Let me share with you my vision. Since we last met, we've heard a great deal of discussion about our state's commitment to education. Some say we aren't doing enough, and I agree. But the solution is not as simple as raising taxes, as some have proposed, and earmarking the proceeds strictly for the purposes of education without consideration of other programs in need of revenue.

I was taught by my father, who could not read, that reading is the basis of all education. I learned this painful lesson as I watched him suffer through those simple tasks that all of us who can read take for granted. His inability to read affected every aspect of his life, and mine. As many of you know, twenty-five years ago I was superintendent of Clark County schools. I am proud of many of the programs we implemented. However, I always considered my greatest accomplishment to be the placement of a reading specialist in every elementary school. Before it was popular to talk about getting back to the basics, these reading teachers knew that there was nothing more basic or important than the ability to read. We saw tremendous results with the program, and in fact, the reading improvement teachers are still in our schools today.

Tonight, I am going back to the basics just as I did when I was Superintendent. I am establishing a new statewide goal -- that all Nevada children be able to read by the end of the third grade. To start us toward this goal, I am allocating $10 million for a teacher-training program that focuses on reading techniques that have proven successful in early grades.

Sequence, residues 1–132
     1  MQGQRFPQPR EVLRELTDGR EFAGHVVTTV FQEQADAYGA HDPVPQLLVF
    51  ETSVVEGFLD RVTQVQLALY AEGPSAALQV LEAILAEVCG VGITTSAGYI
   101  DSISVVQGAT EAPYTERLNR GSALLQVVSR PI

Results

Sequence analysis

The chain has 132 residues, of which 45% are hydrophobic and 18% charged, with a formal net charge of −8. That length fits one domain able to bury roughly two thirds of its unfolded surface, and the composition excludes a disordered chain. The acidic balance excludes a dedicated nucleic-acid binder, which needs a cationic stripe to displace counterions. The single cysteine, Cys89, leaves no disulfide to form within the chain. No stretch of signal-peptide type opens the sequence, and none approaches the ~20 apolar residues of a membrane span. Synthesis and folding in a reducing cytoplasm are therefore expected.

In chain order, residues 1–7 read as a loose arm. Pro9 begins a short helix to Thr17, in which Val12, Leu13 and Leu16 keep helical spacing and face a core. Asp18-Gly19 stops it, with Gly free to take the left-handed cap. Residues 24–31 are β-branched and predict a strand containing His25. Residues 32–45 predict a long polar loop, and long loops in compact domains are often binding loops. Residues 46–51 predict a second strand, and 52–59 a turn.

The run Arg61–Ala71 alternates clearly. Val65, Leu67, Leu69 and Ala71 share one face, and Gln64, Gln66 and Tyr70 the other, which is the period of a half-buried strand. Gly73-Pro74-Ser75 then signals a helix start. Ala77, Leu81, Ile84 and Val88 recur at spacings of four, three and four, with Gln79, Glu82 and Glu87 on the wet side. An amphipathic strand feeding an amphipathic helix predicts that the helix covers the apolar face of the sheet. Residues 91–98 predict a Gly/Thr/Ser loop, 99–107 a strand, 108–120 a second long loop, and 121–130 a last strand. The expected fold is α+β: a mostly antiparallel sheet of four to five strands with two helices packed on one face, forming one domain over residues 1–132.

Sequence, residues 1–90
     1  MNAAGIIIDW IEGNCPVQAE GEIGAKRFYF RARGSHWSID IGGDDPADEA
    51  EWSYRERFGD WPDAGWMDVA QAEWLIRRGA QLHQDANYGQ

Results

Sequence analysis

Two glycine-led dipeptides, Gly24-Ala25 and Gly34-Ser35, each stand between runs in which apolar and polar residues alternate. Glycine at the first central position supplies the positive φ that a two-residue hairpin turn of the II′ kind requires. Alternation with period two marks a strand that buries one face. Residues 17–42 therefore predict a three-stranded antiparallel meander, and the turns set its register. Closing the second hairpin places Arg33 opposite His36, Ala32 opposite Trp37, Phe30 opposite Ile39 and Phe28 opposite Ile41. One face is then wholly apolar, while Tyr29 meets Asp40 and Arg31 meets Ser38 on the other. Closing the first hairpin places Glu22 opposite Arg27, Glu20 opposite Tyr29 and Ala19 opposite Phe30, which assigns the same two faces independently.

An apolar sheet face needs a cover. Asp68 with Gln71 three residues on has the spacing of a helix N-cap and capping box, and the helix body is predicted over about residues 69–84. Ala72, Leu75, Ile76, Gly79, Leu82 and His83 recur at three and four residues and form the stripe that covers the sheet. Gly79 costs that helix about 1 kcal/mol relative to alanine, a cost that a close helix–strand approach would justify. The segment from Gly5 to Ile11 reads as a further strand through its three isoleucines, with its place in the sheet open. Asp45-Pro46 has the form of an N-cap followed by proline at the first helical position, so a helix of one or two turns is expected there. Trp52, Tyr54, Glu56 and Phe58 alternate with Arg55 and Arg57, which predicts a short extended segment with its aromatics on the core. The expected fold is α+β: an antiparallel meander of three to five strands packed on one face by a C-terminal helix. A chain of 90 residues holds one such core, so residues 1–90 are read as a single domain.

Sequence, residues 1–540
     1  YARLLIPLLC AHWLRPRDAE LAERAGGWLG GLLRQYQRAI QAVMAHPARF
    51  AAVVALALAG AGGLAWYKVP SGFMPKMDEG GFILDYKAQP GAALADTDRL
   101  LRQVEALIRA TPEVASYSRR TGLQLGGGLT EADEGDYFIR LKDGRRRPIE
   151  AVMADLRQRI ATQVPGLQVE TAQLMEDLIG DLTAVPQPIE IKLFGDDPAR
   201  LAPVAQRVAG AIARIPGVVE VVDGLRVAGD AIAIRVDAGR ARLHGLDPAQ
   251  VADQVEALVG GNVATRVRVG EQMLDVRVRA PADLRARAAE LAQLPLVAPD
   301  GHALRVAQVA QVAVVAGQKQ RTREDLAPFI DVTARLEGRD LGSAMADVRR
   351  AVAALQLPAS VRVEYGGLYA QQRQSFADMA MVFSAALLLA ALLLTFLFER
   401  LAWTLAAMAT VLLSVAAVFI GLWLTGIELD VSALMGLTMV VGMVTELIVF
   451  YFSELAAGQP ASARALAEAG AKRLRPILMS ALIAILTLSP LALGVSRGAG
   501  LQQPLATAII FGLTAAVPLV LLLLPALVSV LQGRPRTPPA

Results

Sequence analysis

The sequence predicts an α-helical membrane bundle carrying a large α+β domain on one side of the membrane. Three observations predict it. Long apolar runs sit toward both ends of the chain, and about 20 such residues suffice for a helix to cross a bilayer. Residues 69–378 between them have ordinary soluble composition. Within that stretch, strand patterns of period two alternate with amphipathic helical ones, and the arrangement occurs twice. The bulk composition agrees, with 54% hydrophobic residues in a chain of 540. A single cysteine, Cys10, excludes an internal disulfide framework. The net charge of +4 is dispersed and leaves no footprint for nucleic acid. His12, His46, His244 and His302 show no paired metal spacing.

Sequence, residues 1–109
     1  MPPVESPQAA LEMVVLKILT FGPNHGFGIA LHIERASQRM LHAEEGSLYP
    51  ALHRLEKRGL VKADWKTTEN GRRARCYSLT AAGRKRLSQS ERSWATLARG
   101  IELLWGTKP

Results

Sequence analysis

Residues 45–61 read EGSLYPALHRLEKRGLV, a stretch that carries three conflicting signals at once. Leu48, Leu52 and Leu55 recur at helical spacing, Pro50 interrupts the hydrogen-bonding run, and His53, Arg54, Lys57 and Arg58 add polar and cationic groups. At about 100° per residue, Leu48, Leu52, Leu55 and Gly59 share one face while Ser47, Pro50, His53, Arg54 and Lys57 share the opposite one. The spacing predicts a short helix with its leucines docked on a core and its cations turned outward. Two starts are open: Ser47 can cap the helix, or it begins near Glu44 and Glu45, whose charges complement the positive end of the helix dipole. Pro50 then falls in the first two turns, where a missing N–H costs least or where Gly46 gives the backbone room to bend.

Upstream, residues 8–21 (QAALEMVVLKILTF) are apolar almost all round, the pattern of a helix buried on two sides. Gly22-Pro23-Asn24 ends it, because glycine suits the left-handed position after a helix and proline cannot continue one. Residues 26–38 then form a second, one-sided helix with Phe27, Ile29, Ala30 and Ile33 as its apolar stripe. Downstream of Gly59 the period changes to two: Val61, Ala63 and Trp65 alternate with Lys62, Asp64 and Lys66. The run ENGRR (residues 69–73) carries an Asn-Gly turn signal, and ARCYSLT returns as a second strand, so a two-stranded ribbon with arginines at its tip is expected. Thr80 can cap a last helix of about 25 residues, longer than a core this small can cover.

Last session, we created four regional centers for teacher training. These centers also focused on reading. This year, I propose to increase funding for these centers by $4 million, for additional training in reading instruction. But it doesn't stop there.

I will also allocate $20 million to education technology and the purchase of new textbooks for our schools. After all, Nevada students can't be expected to achieve more and work harder when they can't even take their schoolbooks home.

I am also allocating another $8 million for early childhood education and a $7 million increase for remediation in under-performing schools.

Finally, my budget includes another $20 million to maintain class-size ratios at the first, second, and third grade.

With your help, our children will be better prepared, focused on the basics, and will achieve more. We owe this to our children. We owe this to our future.

You will find this evening that my education agenda centers on the basics: textbooks, teacher training, and reading. But we must go further than that. We must also address our growing teacher shortage.

Tonight, I am pleased to endorse a project that addresses this shortage -- the proposed state college in Henderson. This new institution will enable us to train more teachers than ever before. Therefore, this budget includes $16 million for capital construction, $1 million in start-up costs, and another $5.8 million to fund the first year's enrollment. Because building a new college takes vision, patience, and financial resources.

With your support, the state college in Henderson will become a reality and go a long way toward ending the teacher shortage in Nevada and creating an institution of learning that produces Nevada teachers for Nevada children. Make no mistake about it: Next to parents and families, our teachers are the most important influence in our children's lives.